Maggie wastes no time using dating apps, which didn’t exist when she was in college, and has no problem attracting the attention of men and women alike. But she doesn’t seem eager to find love again, with either gender. What’s keeping her stuck? When will the love story start? A reader – or interviewer – can’t help but ask.

“In the novel, Maggie’s therapist calls her on this,” Heisey says. “But as a character she’s someone who runs away from self-knowledge, especially from intimacy. And ultimately, it’s not a story about a woman grappling with her sexuality, it’s about a woman grappling with her relationship with herself.”

This isn’t Heisey’s first book; she puts her comedic chops to good use in the cheeky collection of self-help essays “I Can’t Believe It’s Not Better.” But creating a complex character away from the comfort of a TV writer’s room was, Heisey admits, a challenge. “I had a large silhouette that looked intimidatingly big and long,” she says. “I thought, if I’m going to write in this woman’s voice for thousands of words, I should probably know her very well from the start.” So she started with small sets, like Maggie’s Google search listings (which deteriorate as she drinks).

“I write a lot of short-form humor pieces, so these short chapters felt very comfortable.” Some tools, of course, just don’t translate. “Television writing is so collaborative,” Heisey says. “There was definitely a point halfway through the novel where I realized that no one else was coming. It’s just me! Some days it was really tough and some really powerful.

Heisey isn’t done with the books; in fact, she is expanding her repertoire, then working on “an ensemble book,” she says. “I thought it would be quite a challenge to write from the point of view of a group of friends.” She also just wrapped up her first job as UK showrunner “It’s a romantic comedy for Sky about a young woman who has had enough of meeting men on apps and meets a man on the loose, which is a very rare experience of these times. The two protagonists decide to embark on a three-week relationship in which they don’t learn much about each other.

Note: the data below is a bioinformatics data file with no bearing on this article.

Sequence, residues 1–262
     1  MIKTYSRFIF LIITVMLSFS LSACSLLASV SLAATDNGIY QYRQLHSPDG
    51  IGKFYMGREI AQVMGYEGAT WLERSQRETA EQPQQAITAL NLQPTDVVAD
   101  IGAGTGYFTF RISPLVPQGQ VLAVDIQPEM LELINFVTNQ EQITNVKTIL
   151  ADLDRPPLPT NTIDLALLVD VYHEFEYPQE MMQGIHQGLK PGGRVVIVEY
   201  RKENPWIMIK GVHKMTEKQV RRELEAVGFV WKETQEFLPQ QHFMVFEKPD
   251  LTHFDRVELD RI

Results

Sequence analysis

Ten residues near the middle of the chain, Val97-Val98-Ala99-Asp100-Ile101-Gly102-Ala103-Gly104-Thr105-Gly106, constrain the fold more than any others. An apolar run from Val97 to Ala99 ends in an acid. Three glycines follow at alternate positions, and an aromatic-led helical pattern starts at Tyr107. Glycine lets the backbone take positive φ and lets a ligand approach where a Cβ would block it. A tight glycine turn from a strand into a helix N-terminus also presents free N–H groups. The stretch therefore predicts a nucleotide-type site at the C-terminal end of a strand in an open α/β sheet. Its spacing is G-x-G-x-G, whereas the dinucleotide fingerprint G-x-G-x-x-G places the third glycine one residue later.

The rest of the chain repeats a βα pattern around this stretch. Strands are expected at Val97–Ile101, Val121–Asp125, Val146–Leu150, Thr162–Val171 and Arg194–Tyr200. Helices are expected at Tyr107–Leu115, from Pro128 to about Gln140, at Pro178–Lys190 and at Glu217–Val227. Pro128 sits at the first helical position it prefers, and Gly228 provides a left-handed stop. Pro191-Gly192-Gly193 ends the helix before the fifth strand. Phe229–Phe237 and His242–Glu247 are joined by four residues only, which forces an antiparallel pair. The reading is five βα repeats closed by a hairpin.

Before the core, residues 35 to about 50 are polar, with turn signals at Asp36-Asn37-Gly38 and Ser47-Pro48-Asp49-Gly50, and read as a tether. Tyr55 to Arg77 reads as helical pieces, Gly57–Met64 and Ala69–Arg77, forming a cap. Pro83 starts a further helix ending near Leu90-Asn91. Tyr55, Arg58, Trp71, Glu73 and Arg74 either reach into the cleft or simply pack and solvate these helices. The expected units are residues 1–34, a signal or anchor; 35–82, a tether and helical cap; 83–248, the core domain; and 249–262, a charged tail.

“By the end of the relationship, they obviously fell in love with each other, but then she finds out he has a 6-year-old from a previous relationship,” Heisey says. “So it’s about being a young and unlikely stepmother and figuring out where you stand in a relationship with someone who already has someone who matters more to them.”

Having navigated shaky personal ground herself, Heisey is making a career of guiding characters through the kinds of crises we can laugh at and sympathize with all at once, flipping enough rom-com tropes to keep things interesting. All of which is to say that you’ll get to know Monica Heisey a lot better, in one medium or another, and you’ll likely walk away from the experience knowing yourself even a little better.

Patrick is a freelance critic who tweets @TheBookMaven.